Demo of Julie's Bible Reference Library

Monday, June 28, 2010

Jesus, the Caregiver

Treasured friend,

Jesus is sad, grieving, exhausted. He has received word that His forerunner and cousin John the Baptist was brutally beheaded by Herod. In His grief he tries to go away privately to a solitary place, so He boards a boat. And yet the crowd won't let Him go. They are needy. They are demanding. They are persistent. They are quick--for they follow on foot, by land, arriving as He does by boat. They number into the many thousands (five thousand men, alone, not to mention women and children).

If you or I had been in that situation, I wonder whether we'd have stayed on the boat and put out to another place-- even to the middle of the lake -- anywhere to get away and lick our wounds.

But not our Lord. Listen for the way eyewitness Matthew records His response:

When Jesus landed and saw a large crowd, he had compassion on them and healed their sick (Matthew 14:14; NIV).

He saw their need and set aside His human weakness to serve them--to meet their needs. All because of His compassion. Imagine the depth of love that would allow Him to transcend His grief to reach out to the people who trudged through the sands and dust to the solitary place--just to be near Him. It's a love I confess I don't understand. For when I'm grieving, I understand the drive to get to the solitary place--to that point, I'm with my Lord. But unlike His gracious, loving response--woe to anyone who gets in the way of my private moments of sorrow--I demand the right of indulging in a protracted season of sulky depression.

But not our Lord. He heals. He teaches. He touches. Because of that overflowing heart of compassion for His desperate creatures.

The next surprise comes that He keeps on healing and teaching and touching late into the evening. Far past His own meal time -- and theirs. The disciples, ever practical, see it, although the Lord seems to ignore the obvious. Finally, after trying to signal Him from their perches around the perimeter, they come up close. They stage-whisper to Him, "Send the people away. They need food -- and the village shops around here will be closing soon." Their own stomachs are growling--and they know just what resources they have--just enough food for them to have a bite each. A little to share with the Master and the inner circle. But it would be rude to eat in front of the crowd.

Imagine their shock when Jesus commands them, "You, give them something to eat" (v. 16).

What? We have barely enough for a bit each for ourselves! What are you thinking?

Jesus, the compassionate is also Jesus, the Master. And in His role as Master of the Universe, He takes charge (probably with a disappointed shake of His head at the doltish responses of those who have walked closest to Him all these months). "Bring them to me," He tells the disciples when they show Him a teensy supply of loaves and fishes. You know the story, Jesus taps into the resources of Heaven to multiply five loaves and two fish to meet and surpass the need--for after everyone is full to capacity, twelve baskets full remain (one for each disciple, ironically).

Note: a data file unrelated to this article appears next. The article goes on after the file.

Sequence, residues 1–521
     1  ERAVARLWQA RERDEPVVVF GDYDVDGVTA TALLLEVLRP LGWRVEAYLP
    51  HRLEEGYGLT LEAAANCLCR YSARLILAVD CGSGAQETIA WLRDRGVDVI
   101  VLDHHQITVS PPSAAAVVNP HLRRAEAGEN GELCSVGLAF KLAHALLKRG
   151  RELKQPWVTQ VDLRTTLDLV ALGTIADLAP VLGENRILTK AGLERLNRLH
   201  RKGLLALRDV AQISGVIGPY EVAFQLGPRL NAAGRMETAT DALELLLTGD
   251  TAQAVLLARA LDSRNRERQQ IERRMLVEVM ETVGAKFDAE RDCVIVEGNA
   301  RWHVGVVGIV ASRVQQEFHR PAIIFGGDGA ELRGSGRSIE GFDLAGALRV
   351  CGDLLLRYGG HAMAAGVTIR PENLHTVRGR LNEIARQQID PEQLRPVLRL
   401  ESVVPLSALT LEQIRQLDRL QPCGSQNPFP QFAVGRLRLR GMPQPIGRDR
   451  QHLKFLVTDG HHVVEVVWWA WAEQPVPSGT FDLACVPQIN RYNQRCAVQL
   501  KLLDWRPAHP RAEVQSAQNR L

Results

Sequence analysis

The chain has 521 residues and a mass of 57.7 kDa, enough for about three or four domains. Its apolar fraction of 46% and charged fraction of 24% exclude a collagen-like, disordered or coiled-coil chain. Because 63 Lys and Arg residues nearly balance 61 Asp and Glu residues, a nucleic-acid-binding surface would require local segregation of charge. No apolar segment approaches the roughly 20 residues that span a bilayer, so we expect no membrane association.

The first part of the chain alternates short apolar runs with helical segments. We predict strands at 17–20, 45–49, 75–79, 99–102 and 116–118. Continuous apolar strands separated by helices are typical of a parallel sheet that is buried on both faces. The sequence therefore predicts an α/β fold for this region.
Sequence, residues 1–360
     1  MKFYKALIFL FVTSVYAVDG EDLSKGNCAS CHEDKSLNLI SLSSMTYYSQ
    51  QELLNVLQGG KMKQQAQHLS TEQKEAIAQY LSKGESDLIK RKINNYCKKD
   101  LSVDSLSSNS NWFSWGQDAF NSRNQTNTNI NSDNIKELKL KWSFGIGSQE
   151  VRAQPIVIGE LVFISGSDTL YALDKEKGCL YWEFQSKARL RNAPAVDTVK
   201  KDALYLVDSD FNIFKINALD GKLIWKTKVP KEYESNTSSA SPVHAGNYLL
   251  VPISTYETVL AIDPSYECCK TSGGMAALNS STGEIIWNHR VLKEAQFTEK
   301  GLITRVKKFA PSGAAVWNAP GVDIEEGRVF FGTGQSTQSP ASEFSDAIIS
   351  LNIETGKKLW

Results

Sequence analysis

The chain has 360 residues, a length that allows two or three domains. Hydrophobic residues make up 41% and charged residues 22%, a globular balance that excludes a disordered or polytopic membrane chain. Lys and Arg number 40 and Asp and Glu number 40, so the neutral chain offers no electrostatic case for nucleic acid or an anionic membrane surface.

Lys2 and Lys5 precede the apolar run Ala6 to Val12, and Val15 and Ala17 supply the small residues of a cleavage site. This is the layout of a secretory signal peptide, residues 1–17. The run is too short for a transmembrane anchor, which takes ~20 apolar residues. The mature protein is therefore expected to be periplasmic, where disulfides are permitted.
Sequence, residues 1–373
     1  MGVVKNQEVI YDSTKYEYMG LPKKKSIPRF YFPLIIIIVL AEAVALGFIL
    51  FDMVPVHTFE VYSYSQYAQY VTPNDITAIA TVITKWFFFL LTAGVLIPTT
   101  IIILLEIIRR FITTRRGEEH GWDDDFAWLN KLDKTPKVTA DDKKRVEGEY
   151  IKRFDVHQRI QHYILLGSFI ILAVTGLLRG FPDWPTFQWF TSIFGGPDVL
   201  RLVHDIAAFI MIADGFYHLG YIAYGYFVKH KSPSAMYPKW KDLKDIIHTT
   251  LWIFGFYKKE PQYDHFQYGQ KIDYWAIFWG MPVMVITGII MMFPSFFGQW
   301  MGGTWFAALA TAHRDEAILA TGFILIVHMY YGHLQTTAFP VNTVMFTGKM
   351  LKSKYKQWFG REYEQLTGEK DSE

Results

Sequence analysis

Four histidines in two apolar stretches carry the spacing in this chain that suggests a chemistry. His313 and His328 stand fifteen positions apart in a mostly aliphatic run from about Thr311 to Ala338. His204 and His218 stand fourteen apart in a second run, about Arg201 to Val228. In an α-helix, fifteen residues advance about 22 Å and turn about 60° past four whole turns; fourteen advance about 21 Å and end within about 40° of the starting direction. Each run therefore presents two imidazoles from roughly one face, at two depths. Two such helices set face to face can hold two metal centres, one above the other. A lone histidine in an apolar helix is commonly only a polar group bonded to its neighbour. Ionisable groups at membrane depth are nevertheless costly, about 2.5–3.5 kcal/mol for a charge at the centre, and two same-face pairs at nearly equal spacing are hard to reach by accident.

It's not the supply that makes this story, though. It is the heart of the Master that is so willing to provide for the needs of those who seek Him out. He's still the same, today. Although the food and healing touch may come to us in different forms, all the provision of resources we so desperately need as we care for our loved ones, all of it comes from His willing, compassionate, gracious hand.

Yet (I speak only for myself, now; take from it what you will for your own life) as I receive those resources from Him, I am tempted to hoard them like the disciples, rather than giving them away like Christ did. I see only the limits of my abilities--of my resources--and seeing the limits, I'm miserly in releasing them, lest I run out and starve myself. Again, like the disciples. Be reasonable, Jesus! You can't expect me to give them what I don't have.

His response echoes down the hall to my office this morning, Bring what you do have to Me. That's when He will bless it and multiply it and make it more than enough to meet the need around me. But I have to be willing to share. I have to be willing to take on the selfless compassion of the heart of our Heavenly Caregiver -- only then will I be the conduit for the Lord's miraculous provision to those around me who desperately need a touch, a word of kindness, and many acts of loving service.

Jesus, the Caregiver of Matthew 14, has much to teach me -- and perhaps you, as well. Today, it was a lesson about selflessness I guess I needed most.

Take a moment to read the entire passage, Matthew 14:13-21, and see what He has to offer you today.

Blessings and prayers,


© 2010, Julie-Allyson Ieron. All rights reserved. For reprint permission, email:

Sunday, June 20, 2010

My Father's Favorite Scripture

Treasured Friend,